THE MODERN JEWISH CANON

A JOURNEY THROUGH LANGUAGE AND CULTURE

A worthy effort that suffers from its own cloudy aims.

Wisse (If I Am Not for Myself, 1992) seeks to define a modern canon of works—in Yiddish, Hebrew, Russian, German, Polish, Italian, and English—through which Jews have expressed their sense of who they are and what they have come to be in the years since the monopoly of their sacred literature was broken during the Enlightenment.

The phrase “Jewish canon” immediately suggests Torah in its fullest sense—the sacred book par excellence and the great corpus of exegesis and commentary that have grown up around it over two millennia and have been through most of that time the center of Jewish education and the source of Jewish identity. After an introduction that discusses the notion of canon, Wisse’s ten chapters consider examples of “canonical” Jewish fiction from the Tevye stories of Sholem Aleichem to the Hebrew literature of modern Israel. She writes incisively about a representative work of each writer and manages to sustain a sense of dialogue among the works she examines in each chapter; even readers familiar with all of the writers discussed will find new insights here. But there are limitations to this approach, as the author herself admits. Her canon is restricted ethnically to Ashkenazi Jews; it is restricted in genre to long works of prose fiction; and some important and interesting writers like Chaim Grade are mentioned only in passing. More fundamentally, Wisse never quite faces the tension between the old Jewish canon and the modern one she has constructed. What is the relationship between the national or cultural reading of Jewishness operative in this canon and the religion of Judaism? The Zionist project seems to function here as the telos of modern Jewish history, as Israel becomes the geographical and spiritual center of Jewry and Hebrew replaces Yiddish as its most widely spoken language. Yet in Shabtai’s novel, with which this study ends, Israeli society seems frozen in anomie and despair. Is it only the pressure of Arab hatred that makes it so?

A worthy effort that suffers from its own cloudy aims.

Pub Date: Sept. 1, 2000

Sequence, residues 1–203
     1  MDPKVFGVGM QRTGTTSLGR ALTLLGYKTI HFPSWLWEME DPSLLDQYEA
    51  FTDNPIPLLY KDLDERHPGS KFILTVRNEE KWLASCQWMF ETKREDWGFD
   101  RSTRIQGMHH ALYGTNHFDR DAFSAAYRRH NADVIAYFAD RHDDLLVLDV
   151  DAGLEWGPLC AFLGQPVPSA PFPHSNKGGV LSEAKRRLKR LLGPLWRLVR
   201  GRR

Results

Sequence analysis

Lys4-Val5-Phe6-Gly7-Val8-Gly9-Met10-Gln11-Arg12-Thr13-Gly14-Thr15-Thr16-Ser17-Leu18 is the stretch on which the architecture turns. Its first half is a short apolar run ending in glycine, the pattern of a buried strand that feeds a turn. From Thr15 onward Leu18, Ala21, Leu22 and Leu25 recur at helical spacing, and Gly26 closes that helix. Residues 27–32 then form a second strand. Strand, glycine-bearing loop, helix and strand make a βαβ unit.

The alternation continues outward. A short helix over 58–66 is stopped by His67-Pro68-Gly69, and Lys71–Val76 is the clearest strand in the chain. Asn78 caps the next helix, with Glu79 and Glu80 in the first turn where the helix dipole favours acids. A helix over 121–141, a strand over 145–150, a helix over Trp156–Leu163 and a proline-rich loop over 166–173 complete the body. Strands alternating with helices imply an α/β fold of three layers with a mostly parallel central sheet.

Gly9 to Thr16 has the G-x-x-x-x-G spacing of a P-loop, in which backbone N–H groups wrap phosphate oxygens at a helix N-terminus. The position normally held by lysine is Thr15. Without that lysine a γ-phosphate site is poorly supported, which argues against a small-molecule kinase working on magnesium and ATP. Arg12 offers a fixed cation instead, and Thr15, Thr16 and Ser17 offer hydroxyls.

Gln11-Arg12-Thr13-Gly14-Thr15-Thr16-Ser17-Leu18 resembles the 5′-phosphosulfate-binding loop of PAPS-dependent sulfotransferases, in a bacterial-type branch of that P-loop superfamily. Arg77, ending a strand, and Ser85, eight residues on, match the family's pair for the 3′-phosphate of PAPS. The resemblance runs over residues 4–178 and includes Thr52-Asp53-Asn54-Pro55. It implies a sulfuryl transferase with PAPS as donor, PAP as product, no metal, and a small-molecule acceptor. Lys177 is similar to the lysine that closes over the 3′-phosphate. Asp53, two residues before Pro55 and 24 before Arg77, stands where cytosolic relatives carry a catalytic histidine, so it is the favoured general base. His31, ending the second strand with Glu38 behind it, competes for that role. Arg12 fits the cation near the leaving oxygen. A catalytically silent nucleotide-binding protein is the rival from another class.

ISBN: 0-684-83075-2

Page Count: 416

Publisher: Free Press

Review Posted Online: May 19, 2010

Kirkus Reviews Issue: July 1, 2000

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NUTCRACKER

This is not the Nutcracker sweet, as passed on by Tchaikovsky and Marius Petipa. No, this is the original Hoffmann tale of 1816, in which the froth of Christmas revelry occasionally parts to let the dark underside of childhood fantasies and fears peek through. The boundaries between dream and reality fade, just as Godfather Drosselmeier, the Nutcracker's creator, is seen as alternately sinister and jolly. And Italian artist Roberto Innocenti gives an errily realistic air to Marie's dreams, in richly detailed illustrations touched by a mysterious light. A beautiful version of this classic tale, which will captivate adults and children alike. (Nutcracker; $35.00; Oct. 28, 1996; 136 pp.; 0-15-100227-4)

Pub Date: Oct. 28, 1996

ISBN: 0-15-100227-4

Page Count: 136

Publisher: Harcourt

Review Posted Online: May 19, 2010

Kirkus Reviews Issue: Aug. 15, 1996

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TO THE ONE I LOVE THE BEST

EPISODES FROM THE LIFE OF LADY MENDL (ELSIE DE WOLFE)

An extravaganza in Bemelmans' inimitable vein, but written almost dead pan, with sly, amusing, sometimes biting undertones, breaking through. For Bemelmans was "the man who came to cocktails". And his hostess was Lady Mendl (Elsie de Wolfe), arbiter of American decorating taste over a generation. Lady Mendl was an incredible person,- self-made in proper American tradition on the one hand, for she had been haunted by the poverty of her childhood, and the years of struggle up from its ugliness,- until she became synonymous with the exotic, exquisite, worshipper at beauty's whrine. Bemelmans draws a portrait in extremes, through apt descriptions, through hilarious anecdote, through surprisingly sympathetic and understanding bits of appreciation. The scene shifts from Hollywood to the home she loved the best in Versailles. One meets in passing a vast roster of famous figures of the international and artistic set. And always one feels Bemelmans, slightly offstage, observing, recording, commenting, illustrated.

Pub Date: Feb. 23, 1955

ISBN: 0670717797

Page Count: -

Publisher: Viking

Review Posted Online: Oct. 25, 2011

Kirkus Reviews Issue: Feb. 1, 1955

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